Since the 1997 release of J K Rowling's first novel - "Harry Potter and the Sorcerer's Stone" - no series of children's books has been more incredibly popular or widely influential. How do we explain the enormous appeal of these stories to children? In this original interpretation of the Harry Potter sensation, Edmund M Kern argues the attraction of these stories to children comes not only from the fantastical elements embedded in the plots, but also from their underlying moral messages. Children genuinely desire to follow Harry, as he confronts a host of challenges in an uncertain world, because of his desire to do the right thing. Harry's coherent yet flexible approach to dealing with evil reflects an updated form of Stoicism, says Kern.He argues that Rowling's great accomplishment in these books is to have combined imaginative fun and moral seriousness. Kern also shows adults how much they can gain by discussing with children the moral conundrums faced by Harry and other characters.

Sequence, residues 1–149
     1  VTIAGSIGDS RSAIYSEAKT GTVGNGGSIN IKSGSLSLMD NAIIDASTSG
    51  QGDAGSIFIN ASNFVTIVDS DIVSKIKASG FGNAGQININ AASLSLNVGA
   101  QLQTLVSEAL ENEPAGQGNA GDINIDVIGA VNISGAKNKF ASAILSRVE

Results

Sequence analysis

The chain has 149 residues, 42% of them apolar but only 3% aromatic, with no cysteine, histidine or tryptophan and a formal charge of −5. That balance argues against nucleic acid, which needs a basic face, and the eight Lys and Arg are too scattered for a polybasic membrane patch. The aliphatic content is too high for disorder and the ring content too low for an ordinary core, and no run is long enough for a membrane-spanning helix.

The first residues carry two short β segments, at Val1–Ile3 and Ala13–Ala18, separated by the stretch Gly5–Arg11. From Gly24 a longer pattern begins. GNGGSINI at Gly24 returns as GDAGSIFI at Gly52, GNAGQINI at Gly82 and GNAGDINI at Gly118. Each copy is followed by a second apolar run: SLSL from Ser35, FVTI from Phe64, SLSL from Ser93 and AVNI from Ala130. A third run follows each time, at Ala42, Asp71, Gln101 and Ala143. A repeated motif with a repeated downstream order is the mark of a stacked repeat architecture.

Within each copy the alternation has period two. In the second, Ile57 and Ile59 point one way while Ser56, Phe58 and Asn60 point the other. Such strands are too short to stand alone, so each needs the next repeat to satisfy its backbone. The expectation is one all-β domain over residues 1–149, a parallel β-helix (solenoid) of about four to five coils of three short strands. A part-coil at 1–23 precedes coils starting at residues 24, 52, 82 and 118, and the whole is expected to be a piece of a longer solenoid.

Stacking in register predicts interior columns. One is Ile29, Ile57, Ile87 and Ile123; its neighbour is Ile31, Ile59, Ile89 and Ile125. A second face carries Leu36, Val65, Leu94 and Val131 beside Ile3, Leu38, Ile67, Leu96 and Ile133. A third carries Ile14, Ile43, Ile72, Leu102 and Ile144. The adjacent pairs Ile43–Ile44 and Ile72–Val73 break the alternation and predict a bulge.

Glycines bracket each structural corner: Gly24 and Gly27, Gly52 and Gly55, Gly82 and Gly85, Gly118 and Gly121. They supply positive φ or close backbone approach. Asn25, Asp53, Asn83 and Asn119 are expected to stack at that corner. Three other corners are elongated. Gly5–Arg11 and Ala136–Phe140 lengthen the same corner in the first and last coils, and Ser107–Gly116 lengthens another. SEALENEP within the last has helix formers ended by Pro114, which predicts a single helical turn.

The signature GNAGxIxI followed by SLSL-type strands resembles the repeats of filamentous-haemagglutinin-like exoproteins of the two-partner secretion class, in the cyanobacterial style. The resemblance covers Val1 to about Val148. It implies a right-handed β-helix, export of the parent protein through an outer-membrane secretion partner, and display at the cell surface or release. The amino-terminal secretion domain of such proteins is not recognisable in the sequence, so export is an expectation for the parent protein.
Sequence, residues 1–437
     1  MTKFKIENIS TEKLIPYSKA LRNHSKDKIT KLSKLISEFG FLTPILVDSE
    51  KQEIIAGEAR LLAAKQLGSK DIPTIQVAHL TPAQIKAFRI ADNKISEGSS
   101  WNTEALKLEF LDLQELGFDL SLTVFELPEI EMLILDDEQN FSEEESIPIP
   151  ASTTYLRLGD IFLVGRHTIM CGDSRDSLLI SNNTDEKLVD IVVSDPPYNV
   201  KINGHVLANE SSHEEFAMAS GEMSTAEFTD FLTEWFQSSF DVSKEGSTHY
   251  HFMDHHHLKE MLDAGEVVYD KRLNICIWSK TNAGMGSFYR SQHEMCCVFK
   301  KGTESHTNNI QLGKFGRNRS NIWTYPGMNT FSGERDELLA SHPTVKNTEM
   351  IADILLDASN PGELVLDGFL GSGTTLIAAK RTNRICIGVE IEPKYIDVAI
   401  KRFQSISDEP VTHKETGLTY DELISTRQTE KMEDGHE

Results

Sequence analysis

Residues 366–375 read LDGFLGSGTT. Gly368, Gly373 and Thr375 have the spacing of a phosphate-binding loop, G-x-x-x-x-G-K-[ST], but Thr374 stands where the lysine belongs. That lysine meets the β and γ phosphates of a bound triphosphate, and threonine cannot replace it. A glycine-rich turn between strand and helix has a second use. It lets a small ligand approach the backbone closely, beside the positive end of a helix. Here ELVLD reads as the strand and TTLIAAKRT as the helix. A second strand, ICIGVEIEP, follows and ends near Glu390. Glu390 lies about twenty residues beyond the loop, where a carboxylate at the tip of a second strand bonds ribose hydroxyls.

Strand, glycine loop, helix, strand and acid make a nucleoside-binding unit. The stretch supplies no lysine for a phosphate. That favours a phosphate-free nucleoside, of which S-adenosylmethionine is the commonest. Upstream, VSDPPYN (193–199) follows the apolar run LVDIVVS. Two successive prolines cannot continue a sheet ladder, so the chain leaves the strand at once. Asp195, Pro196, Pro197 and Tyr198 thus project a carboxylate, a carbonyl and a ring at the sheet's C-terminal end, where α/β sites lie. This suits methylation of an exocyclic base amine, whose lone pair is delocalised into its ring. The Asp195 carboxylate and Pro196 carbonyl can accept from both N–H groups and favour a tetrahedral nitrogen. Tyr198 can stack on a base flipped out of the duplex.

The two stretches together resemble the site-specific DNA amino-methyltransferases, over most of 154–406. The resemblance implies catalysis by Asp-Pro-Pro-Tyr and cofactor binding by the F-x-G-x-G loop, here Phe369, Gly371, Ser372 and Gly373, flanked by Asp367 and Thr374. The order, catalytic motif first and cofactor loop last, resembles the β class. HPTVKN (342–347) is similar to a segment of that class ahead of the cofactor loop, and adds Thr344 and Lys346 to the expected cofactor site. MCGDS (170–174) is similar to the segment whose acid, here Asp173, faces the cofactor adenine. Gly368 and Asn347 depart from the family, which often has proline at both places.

The author outlines the central morals of each book, explains the Stoic principles found in the stories, considers the common critiques of the books, discusses Rowling's skilful blend of history, legend, and myth, and provides important questions for guiding children through Harry's adventures. This newly updated revision of the original 2003 edition covers all seven books in the Harry Potter series and adds a good deal of commentary to reflect the many new developments in his continuously popular series of books.
Edmund M. Kern (Appleton, WI) is associate professor of history at Lawrence University.